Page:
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A Writer’s Fears by Michael J. Malone

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Michael Malone (c) Bob McDevitt

Michael J. Malone

Feel the Fear and Do it Anyway by Susan Jeffers has been a number one bestseller three decades and has sold in over 30 countries. The success of this book highlights the fact that we all have a fear of something – and writers are no exception.

Fear, of course has a purpose – to promote survival. In the course of human evolution, the people who feared the right things survived to pass on their genes. In passing on their genes, the trait of fear and the response to it were selected as beneficial to the race.

Where fear becomes a problem is when, rather than using it to protect ourselves from pain – it takes charge and it stops us from achieving the things we want to in life.

As writers we are forced to face our fears on a daily basis. Here are some examples …

Fear of the Blank Page (Vacansopapurosophobia)

We ALL battle with it at one time or another and it can happen to a writer at any point in time, irrespective of their career success. Coping strategies include: distracting yourself from the piece for a while, reading a book, and forcing oneself to write something even if it makes no sense. I have several writer friends who stop the night before at a point where they have more to say. Then when they begin their day’s work the next morning, they read over the last passage they wrote and then they quickly get back into the flow.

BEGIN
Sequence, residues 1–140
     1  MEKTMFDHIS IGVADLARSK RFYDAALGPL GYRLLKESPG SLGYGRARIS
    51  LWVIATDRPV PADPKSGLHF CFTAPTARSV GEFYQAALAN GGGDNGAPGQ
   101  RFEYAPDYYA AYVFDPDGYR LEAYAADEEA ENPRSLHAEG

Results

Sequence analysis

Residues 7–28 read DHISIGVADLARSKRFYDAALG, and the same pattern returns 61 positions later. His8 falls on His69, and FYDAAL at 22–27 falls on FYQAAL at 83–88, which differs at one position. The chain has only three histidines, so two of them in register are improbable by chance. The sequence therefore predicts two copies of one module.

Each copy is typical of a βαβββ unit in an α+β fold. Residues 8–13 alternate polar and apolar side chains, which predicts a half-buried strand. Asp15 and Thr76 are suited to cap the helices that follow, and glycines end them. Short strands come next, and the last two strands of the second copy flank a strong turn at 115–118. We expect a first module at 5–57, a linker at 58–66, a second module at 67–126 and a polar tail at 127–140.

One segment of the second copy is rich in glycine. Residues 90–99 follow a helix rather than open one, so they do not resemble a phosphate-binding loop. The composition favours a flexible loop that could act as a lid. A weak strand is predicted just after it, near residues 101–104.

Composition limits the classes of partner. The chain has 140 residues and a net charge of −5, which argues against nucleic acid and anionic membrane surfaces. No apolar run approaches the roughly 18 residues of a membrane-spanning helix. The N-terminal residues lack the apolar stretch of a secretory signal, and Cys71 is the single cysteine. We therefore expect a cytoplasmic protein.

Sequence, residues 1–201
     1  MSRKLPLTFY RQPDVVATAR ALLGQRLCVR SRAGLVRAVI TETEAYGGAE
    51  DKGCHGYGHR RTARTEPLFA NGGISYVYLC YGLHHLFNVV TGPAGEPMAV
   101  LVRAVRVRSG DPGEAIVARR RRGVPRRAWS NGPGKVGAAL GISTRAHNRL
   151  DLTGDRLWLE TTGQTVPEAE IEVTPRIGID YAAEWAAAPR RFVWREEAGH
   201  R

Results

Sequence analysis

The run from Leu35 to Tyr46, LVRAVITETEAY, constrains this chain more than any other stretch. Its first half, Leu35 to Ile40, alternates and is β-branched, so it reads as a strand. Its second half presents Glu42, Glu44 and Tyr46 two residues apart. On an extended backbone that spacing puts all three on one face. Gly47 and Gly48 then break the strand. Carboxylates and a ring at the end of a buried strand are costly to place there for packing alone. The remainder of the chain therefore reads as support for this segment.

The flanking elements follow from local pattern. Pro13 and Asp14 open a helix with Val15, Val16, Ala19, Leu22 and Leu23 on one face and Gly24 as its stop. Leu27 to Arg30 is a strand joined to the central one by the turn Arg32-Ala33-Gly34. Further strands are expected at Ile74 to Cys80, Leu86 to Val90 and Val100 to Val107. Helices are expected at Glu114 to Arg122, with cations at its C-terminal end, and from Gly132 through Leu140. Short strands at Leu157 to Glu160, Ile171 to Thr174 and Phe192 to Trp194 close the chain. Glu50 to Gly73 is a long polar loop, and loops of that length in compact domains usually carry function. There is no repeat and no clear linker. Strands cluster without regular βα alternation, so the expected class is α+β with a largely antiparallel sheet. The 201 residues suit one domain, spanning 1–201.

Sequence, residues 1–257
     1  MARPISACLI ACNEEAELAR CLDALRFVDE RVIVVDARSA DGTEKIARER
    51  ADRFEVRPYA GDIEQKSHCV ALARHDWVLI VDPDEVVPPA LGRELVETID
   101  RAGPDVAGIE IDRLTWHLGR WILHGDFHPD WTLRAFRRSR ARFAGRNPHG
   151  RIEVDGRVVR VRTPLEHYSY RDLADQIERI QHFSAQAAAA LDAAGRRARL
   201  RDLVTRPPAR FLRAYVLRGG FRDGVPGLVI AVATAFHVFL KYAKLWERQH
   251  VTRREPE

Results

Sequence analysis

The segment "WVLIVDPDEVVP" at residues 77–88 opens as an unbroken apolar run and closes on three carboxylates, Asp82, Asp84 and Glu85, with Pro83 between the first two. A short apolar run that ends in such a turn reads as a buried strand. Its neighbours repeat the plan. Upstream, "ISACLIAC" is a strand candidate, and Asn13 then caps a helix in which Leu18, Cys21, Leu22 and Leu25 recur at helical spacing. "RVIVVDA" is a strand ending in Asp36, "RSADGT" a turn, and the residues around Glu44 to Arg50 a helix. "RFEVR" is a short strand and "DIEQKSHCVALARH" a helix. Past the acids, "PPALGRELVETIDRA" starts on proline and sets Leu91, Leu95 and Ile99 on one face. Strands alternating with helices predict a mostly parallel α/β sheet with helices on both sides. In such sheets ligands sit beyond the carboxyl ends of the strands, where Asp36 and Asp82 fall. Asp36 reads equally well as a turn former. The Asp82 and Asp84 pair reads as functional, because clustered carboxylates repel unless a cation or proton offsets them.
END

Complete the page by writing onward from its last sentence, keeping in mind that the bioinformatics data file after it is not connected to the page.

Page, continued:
Fear of Rejection (aporripsiphobia)

Harbouring the fear that no one will like your finished product is enough to stop many of us dead in our tracks. But it’s a truism to say that for writers it’s an occupational hazard. Bookshops are full of the books of famous authors who suffered rejection.

“Nobody will want to read a book about a seagull.” Richard Bach‘s Jonathan Livingston Seagull goes on to sell 44 million copies.

“The girl doesn’t, it seems to me, have a special perception or feeling which would lift that book above the ‘curiosity’ level.” Eventually, Doubleday, bring the translation to the world, and The Diary of Anne Frank sells 25 million copies.

“”Lady Di could be bicycling nude down the street giving this book away and nobody would read it.” And as I said at the start of this article, Susan Jeffers went on to sell millions of copies of Feel the Fear and Do it Anyway.

Rejection is a part of the job. You work in a creative field? Buckle up, cos someone is going to say no. Instead of allowing that rejection to pull you down, can you learn something from it? Have you had more than one? Are they all saying the same thing? Treat this as an opportunity to learn and improve. I heard one writer say that each rejection is a one no closer to a yes. Is that an attitude that would be helpful to adopt?